Out of Bounds” brought to the stage the lives of Indian immigrants in South Africa.

“Out of Bounds” authenticated the power of one. Rajesh Gopie drifted through 28 characters in 90 minutes, painting along the way a convincing picture of South African life. The one-man play from South Africa, directed by Tina Johnson and written and performed by Gopie as part of The Old World Theatre festival at The Habitat Centre, blends a universal story with situations particular to South Africa — both during and post apartheid.

From a perspective, “Out of Bounds” could be any coming-of-age tale. Gopie says, “It is about the younger man defeating the older man psychologically.” The classic father-son relationship, shifting power equations when the son gets into the father's shoes, annihilation of the persona of the father — are all vital elements in the play.

However, it is the finesse with which Gopie spins out lesser known chapters of South African history — the story of the Indian immigrants who went in as indentured labourers and lived through as the country changed its character — that is the hallmark of the production.

Gopie takes on and sheds roles deftly as he re-creates the large household in Inanda, where Babu Lal, the protagonist and his parents, lives with a platoon of aunts, uncles and cousins. Humour remains intact as Babu Lal narrates a childhood spent in a crowd, without an ounce of privacy. Every uncle and aunt has the right to pull up the children and the demure ones have to find ways to survive the bullies. To top it all is the burden of living as the ‘Lalchand warrior' — the image propagated by the family.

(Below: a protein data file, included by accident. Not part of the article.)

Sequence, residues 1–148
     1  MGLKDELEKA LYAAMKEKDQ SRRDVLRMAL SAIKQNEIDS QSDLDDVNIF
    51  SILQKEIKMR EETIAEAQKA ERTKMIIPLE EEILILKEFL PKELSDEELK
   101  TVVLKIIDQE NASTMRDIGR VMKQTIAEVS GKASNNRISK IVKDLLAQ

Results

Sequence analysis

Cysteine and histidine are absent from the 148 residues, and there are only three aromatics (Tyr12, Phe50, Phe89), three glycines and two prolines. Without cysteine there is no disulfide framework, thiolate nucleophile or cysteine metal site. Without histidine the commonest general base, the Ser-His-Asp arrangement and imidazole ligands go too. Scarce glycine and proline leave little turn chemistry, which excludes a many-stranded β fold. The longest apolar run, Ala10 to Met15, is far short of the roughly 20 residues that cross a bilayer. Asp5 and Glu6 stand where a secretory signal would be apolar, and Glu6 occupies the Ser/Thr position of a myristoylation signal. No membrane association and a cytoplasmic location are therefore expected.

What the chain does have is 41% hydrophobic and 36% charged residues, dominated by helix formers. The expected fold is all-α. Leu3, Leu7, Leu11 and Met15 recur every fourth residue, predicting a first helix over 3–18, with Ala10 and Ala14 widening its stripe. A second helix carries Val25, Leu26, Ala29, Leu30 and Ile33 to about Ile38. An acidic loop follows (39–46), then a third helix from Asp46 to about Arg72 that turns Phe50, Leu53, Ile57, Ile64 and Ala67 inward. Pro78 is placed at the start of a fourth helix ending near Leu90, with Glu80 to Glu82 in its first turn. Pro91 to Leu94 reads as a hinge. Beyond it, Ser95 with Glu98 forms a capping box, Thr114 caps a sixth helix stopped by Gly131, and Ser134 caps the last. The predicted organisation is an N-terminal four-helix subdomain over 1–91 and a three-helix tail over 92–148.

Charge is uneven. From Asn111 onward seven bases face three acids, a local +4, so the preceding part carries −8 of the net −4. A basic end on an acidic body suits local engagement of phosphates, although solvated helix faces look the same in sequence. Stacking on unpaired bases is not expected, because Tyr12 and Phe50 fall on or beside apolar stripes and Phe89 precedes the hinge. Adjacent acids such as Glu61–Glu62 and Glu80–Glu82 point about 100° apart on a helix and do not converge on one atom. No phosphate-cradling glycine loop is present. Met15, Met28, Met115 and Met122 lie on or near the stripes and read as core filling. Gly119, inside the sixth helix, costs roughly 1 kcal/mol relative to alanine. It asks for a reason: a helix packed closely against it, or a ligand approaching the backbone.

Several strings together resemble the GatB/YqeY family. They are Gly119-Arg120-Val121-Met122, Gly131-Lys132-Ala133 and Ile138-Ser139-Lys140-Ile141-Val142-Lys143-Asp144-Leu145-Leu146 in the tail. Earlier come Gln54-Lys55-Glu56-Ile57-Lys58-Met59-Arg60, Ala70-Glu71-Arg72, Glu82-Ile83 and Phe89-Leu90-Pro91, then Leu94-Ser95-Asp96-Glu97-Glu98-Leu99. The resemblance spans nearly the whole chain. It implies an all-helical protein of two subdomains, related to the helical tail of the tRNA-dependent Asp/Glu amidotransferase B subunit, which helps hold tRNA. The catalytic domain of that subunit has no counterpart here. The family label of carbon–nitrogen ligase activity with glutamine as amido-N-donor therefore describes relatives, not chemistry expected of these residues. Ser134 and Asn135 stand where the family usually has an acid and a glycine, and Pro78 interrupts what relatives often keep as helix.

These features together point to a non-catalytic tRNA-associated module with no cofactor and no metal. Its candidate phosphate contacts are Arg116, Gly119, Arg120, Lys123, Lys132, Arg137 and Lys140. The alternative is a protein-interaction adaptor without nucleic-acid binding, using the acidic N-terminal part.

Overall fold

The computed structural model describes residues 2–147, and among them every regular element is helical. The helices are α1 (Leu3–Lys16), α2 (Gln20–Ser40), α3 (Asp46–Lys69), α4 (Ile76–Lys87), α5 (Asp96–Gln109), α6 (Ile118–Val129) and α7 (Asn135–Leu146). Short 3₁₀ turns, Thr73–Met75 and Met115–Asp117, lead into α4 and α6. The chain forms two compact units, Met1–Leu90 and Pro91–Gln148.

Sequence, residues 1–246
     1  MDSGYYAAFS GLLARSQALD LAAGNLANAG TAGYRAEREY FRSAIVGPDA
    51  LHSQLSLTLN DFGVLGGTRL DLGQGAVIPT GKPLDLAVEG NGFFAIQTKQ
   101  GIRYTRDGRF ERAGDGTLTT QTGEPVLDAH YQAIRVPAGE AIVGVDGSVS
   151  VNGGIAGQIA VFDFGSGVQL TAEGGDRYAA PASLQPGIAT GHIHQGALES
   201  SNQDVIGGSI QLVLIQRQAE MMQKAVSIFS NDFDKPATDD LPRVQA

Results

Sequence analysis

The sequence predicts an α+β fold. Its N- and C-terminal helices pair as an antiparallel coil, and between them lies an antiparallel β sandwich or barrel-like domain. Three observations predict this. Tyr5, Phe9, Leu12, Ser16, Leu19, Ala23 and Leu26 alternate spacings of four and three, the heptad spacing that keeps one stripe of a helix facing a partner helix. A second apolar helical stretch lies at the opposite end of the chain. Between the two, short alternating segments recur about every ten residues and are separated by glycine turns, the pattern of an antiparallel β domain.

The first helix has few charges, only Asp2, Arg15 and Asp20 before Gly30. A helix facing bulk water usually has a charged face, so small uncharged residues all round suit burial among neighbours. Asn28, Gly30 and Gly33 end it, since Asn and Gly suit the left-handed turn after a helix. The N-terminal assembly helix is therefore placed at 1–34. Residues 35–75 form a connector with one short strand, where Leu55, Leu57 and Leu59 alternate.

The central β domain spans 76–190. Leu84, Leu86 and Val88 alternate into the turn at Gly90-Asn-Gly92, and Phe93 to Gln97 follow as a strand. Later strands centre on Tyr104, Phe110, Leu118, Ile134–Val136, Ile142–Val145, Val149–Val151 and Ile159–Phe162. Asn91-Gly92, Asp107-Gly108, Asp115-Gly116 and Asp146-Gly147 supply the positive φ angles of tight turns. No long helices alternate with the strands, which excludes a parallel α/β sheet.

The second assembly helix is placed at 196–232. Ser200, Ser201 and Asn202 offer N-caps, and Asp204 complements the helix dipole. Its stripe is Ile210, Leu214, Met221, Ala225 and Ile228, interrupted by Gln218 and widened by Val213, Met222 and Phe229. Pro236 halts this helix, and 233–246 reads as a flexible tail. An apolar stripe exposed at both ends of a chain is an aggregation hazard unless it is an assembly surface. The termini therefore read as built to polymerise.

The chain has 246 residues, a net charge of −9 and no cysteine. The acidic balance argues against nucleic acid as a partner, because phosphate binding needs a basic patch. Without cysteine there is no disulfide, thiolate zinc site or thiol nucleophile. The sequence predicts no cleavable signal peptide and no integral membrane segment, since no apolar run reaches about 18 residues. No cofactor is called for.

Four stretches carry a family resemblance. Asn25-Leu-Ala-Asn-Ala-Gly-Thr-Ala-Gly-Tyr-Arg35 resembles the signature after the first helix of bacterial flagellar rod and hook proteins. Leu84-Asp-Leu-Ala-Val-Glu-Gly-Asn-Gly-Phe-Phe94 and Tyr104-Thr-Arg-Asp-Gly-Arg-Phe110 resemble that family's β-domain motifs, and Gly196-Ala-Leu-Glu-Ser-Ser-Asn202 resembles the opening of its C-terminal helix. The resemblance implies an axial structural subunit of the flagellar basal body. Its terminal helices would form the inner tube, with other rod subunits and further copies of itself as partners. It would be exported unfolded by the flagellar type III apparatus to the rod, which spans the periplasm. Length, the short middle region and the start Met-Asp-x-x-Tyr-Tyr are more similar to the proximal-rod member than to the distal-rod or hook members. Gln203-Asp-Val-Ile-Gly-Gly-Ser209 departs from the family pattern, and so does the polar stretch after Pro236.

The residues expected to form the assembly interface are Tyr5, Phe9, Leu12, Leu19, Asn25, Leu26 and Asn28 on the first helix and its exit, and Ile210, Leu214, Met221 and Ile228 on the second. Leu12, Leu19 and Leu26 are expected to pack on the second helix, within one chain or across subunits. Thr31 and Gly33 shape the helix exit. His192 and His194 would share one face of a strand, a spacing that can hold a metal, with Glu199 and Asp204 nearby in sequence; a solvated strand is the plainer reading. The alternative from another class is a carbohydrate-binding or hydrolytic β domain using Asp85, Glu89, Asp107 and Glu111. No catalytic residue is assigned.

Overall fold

Gopie effortlessly becomes his shoemaker father, the aggressive uncle Bhim, the fashionable aunt Kanta and his grandmother who plants a mango tree in the garden for every son born.

Enacted with warmth is Babu Lal's relationship with maid Togo, the one who is forced to have meals five days old. There is a measure of restraint maintained as a pregnant Togo leaves the household. Though the child discovers his uncle Bhim, who becomes the “devil” with Togo at night, the episode is not dwelt upon, the skeletons in the family kept firmly in the closet.

A picture of apartheid South Africa is also given a glimpse of when the clan on their outing is admonished by the police and directed to use the part of the beach reserved for the coloured. Here, the charade of the “Lalchand warriors” comes crumbling down.

The Inanda riots in the early 1980s, where the Indian community was targeted, is acted out with heart. The riots, which are hardly ever talked about, prove a turning point, as the family disintegrates. Babu Lal and his parents move to downtown Phoenix while his uncles move up in life. The boy enters university and his father reconciles to failure.

Gopie, as he flips through characters, keeps the story and its strands together. For an actor performing as many as 28 characters, certain repetitions in mannerisms are unavoidable. But the ease with which he changes roles, keeping humour alive, is commendable.

Gopie who has taken the play around Europe and the United States, first performed it 10 years ago. He penned it after coming out of the university, and when South Africa was changing. “Indian people did not feature in the national sensibility of the country,” he says. What he initially scribbled in his little black book slowly took shape into a powerful play.

With its soul in place, the play never got fettered to being an Indian story, but confirmed its place as a “South African classic.”